EPIPHANY CHAPEL & CHURCH HOUSE - KEEPING THE HOME FIRES BURNING
The only known WWI Chapel in the United States – Consecrated on June 3, 1918
KEEPING THE HOME FIRES BURNING
On Monday, June 3, 1918, in Odenton, a chapel for the benefit of the soldiers at Camp Meade was dedicated by Bishop John Gardner Murray, assisted by Bishop Thomas J. Garland of Pennsylvania. The chapel was named Epiphany after the church in Washington attended by Mrs. Margaret Buckingham and Miss Elizabeth Freeman, the donors of the building and furniture. This service was attended by many of the clergy and laity from the dioceses of Maryland, Washington, and Pennsylvania: General Nicholson, Commandant of Camp Meade and a number of officers and soldiers from the camp. The building contained in addition to the chapel, a dormitory for the accommodation of chaplains and visitors to the doughboys. Meanwhile the old church which had ministered to the needs of the people in this part of Anne Arundel County was forced to discontinue its ministrations to some extent, because it was situated in the heart of the camp. It became a building devoted almost exclusively to war purposes. Finally it burned, apparently due to carelessness on the part of officers or soldiers of the camp. At the conclusion of the World War and the returning soldiers being mustered out of the service, the usefulness of Epiphany Chapel as a war chapel vanished. The building was then turned over to the communicants of the old parish, St. Peters, for use as a parish church.
This brief account of the establishment of Epiphany Chapel and Church House, now recognized as the only known WWI Chapel in the United States, was published in The Maryland Churchman in December 1936. It was the introduction to an impassioned appeal for donations to preserve the Chapel which was in need of a new roof and other repairs. The writer, George D. Watts, compared the the chapel in Odenton to the chapel at Valley Forge and Christ Church, Alexandria. “Generations yet unborn,” he pleaded, “will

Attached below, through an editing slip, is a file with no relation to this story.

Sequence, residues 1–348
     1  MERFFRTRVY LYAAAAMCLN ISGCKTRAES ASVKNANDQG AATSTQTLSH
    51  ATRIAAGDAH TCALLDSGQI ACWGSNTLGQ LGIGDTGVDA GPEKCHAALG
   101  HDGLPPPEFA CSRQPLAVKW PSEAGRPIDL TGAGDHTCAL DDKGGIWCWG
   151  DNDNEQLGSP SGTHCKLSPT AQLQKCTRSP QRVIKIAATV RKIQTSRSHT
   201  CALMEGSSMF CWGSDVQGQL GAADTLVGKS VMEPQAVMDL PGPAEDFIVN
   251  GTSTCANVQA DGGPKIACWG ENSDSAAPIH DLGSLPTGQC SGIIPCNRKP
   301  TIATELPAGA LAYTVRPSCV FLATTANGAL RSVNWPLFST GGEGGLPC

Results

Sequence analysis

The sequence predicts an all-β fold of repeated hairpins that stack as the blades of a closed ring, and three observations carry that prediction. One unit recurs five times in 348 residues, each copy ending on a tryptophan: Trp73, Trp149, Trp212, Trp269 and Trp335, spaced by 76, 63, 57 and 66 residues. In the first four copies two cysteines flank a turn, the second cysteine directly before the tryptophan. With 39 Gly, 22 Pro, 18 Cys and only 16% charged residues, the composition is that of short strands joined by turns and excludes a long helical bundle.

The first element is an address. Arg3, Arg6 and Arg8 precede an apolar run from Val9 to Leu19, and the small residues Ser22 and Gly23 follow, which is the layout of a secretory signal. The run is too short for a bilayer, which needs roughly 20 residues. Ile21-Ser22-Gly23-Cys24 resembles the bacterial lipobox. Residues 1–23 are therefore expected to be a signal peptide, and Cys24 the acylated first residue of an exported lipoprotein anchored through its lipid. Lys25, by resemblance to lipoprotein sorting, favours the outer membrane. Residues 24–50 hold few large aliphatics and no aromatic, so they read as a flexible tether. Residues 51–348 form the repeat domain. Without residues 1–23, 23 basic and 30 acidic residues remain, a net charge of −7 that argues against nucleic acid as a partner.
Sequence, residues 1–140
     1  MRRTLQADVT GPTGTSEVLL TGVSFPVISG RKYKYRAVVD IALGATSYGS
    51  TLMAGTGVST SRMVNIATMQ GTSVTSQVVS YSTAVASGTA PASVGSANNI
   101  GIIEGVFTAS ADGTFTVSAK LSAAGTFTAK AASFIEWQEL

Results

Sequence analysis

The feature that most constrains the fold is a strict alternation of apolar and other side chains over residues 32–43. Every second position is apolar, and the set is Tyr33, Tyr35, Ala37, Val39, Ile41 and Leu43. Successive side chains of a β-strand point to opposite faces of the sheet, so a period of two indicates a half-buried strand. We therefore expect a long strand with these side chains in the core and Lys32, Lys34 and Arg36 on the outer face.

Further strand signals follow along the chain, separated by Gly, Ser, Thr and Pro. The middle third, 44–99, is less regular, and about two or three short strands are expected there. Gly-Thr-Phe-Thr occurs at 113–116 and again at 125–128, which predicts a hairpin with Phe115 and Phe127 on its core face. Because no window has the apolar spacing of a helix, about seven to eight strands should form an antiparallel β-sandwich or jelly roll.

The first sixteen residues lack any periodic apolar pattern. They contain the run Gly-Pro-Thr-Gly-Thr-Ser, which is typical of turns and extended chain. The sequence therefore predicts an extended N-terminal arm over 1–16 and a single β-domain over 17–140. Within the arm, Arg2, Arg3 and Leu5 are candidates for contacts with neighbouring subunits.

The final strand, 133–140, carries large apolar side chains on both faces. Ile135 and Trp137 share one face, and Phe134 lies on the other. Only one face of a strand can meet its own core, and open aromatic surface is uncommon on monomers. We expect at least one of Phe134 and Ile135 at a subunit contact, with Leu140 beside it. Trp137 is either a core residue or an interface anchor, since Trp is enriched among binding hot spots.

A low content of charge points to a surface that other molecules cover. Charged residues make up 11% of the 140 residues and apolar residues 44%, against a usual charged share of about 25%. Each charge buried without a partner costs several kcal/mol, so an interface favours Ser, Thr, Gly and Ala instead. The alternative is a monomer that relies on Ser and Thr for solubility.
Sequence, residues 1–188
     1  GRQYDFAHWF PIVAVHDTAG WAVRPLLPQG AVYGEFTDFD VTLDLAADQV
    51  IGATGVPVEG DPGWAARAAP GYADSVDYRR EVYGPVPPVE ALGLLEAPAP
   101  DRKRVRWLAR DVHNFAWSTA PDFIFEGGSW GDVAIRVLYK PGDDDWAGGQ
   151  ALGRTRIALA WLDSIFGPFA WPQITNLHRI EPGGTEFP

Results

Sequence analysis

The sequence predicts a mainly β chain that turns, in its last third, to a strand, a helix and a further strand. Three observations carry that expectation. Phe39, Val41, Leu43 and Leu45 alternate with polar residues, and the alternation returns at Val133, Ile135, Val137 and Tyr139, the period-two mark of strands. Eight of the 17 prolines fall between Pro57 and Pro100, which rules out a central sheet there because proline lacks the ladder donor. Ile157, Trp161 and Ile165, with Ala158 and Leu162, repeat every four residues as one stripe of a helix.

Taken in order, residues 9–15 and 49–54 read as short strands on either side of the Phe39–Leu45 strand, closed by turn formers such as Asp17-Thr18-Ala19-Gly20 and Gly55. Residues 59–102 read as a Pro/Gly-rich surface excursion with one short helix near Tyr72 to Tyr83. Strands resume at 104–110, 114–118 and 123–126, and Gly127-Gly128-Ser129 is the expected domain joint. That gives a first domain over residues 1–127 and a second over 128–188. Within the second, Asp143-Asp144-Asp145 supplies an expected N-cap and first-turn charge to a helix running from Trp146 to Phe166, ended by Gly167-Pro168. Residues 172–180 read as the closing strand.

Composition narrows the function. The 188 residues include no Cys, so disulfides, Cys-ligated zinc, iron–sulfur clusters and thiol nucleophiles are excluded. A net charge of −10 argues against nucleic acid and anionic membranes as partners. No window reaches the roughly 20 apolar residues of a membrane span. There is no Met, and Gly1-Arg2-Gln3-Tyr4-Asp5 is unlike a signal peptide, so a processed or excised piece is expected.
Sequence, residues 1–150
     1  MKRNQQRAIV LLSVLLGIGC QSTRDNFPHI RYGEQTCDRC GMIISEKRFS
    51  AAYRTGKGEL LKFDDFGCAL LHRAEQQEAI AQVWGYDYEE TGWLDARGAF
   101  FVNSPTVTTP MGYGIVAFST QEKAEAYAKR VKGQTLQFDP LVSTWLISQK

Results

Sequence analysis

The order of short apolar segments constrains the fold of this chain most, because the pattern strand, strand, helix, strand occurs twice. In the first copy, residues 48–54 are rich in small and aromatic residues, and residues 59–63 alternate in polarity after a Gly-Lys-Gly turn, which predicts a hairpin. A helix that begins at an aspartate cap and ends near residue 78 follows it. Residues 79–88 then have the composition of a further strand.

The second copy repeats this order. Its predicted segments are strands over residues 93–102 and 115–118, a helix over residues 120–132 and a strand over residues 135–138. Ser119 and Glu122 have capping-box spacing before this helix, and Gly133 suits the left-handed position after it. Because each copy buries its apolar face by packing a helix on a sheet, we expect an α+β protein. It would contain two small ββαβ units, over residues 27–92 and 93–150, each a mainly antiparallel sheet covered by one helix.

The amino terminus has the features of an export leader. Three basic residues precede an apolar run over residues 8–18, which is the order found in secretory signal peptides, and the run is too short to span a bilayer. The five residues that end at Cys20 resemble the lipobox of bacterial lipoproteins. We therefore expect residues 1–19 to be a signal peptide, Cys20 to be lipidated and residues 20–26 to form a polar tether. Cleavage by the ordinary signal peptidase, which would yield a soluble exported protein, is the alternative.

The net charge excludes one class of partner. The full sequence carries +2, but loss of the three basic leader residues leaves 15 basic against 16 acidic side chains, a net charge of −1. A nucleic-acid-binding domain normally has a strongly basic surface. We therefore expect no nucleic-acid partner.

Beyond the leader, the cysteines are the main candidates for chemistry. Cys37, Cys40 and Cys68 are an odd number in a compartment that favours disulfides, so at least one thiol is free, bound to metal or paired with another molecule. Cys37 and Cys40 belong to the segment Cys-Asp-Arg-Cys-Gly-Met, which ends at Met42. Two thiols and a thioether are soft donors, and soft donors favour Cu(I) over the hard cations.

visit this hallowed place if it is perpetuated for them.” The life and condition of the chapel ebbed and waned for another fifty years as it shifted with the economic and demographic tides. Its proud history as a World War Chapel was all but lost, save for a scrapbook compiled by the chaplains who staffed the chapel in 1918. It was this scrapbook, carefully preserved by Garner Rainey, archivist for The Diocese of Maryland, that was rediscovered in 1987 and made it possible for the recognition and restoration of the chapel. Among many financial supporters is The Maryland Historical Trust which holds three legal easements on the property to insure its preservation. The original scrapbook contained photographs, schedules, news articles, contracts, and letters that would be pieced together in order to discover the story of the chapel and lead to its preservation. Over a 30-year period, The Rev. Dr. Phebe McPherson and members of the Epiphany congregation raised the funds necessary to complete the project and in addition established a chaplain’s peace garden naming every WWI chaplain on bronze plaques and a social history museum with a collection of trench art, posters, books, furniture, photographs and music. Currently the congregation is redesigning its cemetery as the WWI Centennial Memorial Gardens to include a WWI Centennial sculpture. McPherson serves as a commissioner for the Maryland WWI Centennial Commission.
Discovering Epiphany Chapel and Church House is like finding a valuable coin mixed in the jar of pennies you had almost forgotten. To the casual eye, the little white church appears to be a quaint cottage of yesterday, a bit like “grandma’s house.” In fact, its design was given gratis by Riggin Buckler and represents a fine example of the Arts and Crafts period in American architecture. The front stoop is worn where so many feet have passed, the center floor beam is weighed down with memories, and a discernible spirit of hospitality shines like the patina on the old oak furniture. It’s obvious the moment you enter that this is a place where people have “kept the home fires burning” for their loved ones who were far from home in trenches fighting a war that all hoped would be “the war to end all wars.” Providing the chapel was The Rev. Taggart Steele’s idea. He wanted to establish a place where chaplains could help support the troops who were being deployed through Camp Meade. At first he sought use of an old house in the middle of the camp but was told it was being used for Belgium Relief Work. Undeterred from his mission,